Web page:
What can travel marketers learn from easyJet’s digital strategy? .

31514  easyjet_airline

Digital Marketing Director Josh Whiten shares some insights into how the travel giant EasyJet approaches it’s digital marketing.

Last year I was invited to attend an Open University Business School workshop for their MBA students on the subject of Digital Disruption, as a result of my previous work on this subject and it’s impact on the UK legal market. One of the most fascinating talks of the day was from easyJet's European Marketing Director, who gave a remarkably open insight into their digital marketing strategy.

The low cost airline sector overall may not be renowned for it’s sophistication in marketing nor it’s commitment to customers.

Yet this summary of the key issues discussed reveals valuable lessons in how easyJet is striving to differentiate – lessons of value to anyone involved in travel marketing or digital marketing in general.

Outlining the easyJet Marketing Strategy

The easyJet digital marketing strategy addresses three key aims:

1. Attract Customers

With such a visible and well known brand, gaining awareness is not too much of an issue. Therefore their main focus is on ensuring customers know, like and understand their brand and offering.

2. Improve Conversions

The easyJet website attracts a phenomenal amount of traffic, so the key challenge is to improve conversion rates and also ensure digital reach keeps growing. Therefore a lot of resource is invested in tweaking the site to nudge conversion rates, exploiting new channels like apps, and implementing greater personalisation.

3. Exploit Existing

easyJet aim to ensure their existing customer relationships are fully utilised through segmented communications designed to generate conversions.

The easyJet Marketing Channels

  • TV Advertising – conveys a message that easyJet is the consumer’s friend and raises brand awareness. It is not destination focused (which is a move away from the marketing model traditionally adopted by low cost airlines - just tell people where you can fly at what price and they’ll go there because it’s low cost, not because they actually had a previous desire to visit that destination).
  • Website – this generates 200,000 bookings per day so a significant amount of effort is invested in improving the user experience and adapting to different geographic markets. This is achieved through a simplified design and use of personalisation based on the previous search (the easyJet site is built on the Sitecore platform, a technology we have also used at Sagittarius to create personalised user experiences on award winning travel sites). In addition there is constant multi variate or A/B testing of different versions of design, process and content - although the winning version usually tends to be the simplest.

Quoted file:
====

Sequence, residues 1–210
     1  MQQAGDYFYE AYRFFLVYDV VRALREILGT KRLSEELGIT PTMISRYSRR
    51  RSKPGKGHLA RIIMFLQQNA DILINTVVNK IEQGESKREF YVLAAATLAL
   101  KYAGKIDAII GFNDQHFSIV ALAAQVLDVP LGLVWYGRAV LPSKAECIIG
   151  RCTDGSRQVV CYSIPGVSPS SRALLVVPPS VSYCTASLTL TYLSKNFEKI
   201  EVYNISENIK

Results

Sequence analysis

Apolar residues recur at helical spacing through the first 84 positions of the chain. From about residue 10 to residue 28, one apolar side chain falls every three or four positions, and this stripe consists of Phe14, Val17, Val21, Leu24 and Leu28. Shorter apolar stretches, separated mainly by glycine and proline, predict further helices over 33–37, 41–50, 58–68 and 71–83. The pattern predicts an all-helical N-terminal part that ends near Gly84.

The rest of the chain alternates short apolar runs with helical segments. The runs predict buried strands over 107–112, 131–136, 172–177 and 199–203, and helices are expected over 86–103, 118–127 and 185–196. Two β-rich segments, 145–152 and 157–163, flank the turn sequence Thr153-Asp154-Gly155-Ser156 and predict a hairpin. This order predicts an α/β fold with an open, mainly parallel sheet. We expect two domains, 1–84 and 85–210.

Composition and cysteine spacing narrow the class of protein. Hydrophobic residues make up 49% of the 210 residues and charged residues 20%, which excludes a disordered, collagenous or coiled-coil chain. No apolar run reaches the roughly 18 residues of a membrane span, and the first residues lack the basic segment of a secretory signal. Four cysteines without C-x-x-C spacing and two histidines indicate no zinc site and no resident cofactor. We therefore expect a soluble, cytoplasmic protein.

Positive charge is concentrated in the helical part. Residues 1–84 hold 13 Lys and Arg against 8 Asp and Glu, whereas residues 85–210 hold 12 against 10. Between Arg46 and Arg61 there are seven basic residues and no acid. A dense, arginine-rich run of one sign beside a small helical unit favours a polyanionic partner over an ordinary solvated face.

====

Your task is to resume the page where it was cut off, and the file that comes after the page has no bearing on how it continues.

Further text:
• CRM – easyJet does not segment their audience too strictly, the main segmentation criteria are fairly broad such as consumers who flew last year but not yet this year. In this case content marketing is often used to inspire customers to fly again, presented in a really simple format such as icons for routes such as sunshine, couples, sightseeing.
  • Mobile – easyJet are fully embracing mobile marketing across apps and mobile technologies – for example ensuring that email campaigns opened on mobiles include and lead to the fastest possible process. They have also re-engineered their core processes for mobile and once users have enquired or booked they are encouraged to download the easyJet app. This features live updates on weather, flights etc. and time-stamped updates direct from the operations team who manage possible delays.
  • Charter – easyJet has introduced a strong internal culture based around best practice to help inspire and motivate staff, improve customer experience and differentiate from competitors in a sector which can have a negative image when it comes to customer care.


So what are the lessons for other travel brands looking to achieve bookings online?

  • Use different channels in the right way – for raising awareness or for driving conversions.
  • Focus on improving conversion rates, especially if you have a larger visitor base.
  • Make everything in your site as simple as possible through testing.
  • Personalise the user experience based on behaviour.
  • Target the previous season’s customers if they haven’t rebooked yet.
  • Inspire users with relevant content to encourage them to travel.
  • Set core values and messages, then repeat them everywhere.

Join our next 24/7 Multichannel Travel Consumer Masterclass on 24th March 2015 where we will be exploring the way the travel industry, customer journey and customer experience is changing as a result of todays digital and social transformation and what actions are required plan and execute and deliver a targeted digital marketing strategy that drives sales.

Book your place today: https://www.eventbrite.co.uk/e/the-247-multichannel-travel-consumer-tickets-15299944546

Whatever your business, be it a regional or global brand, the content you produce plays a vital role in your success. You know that… hence you’re reading this.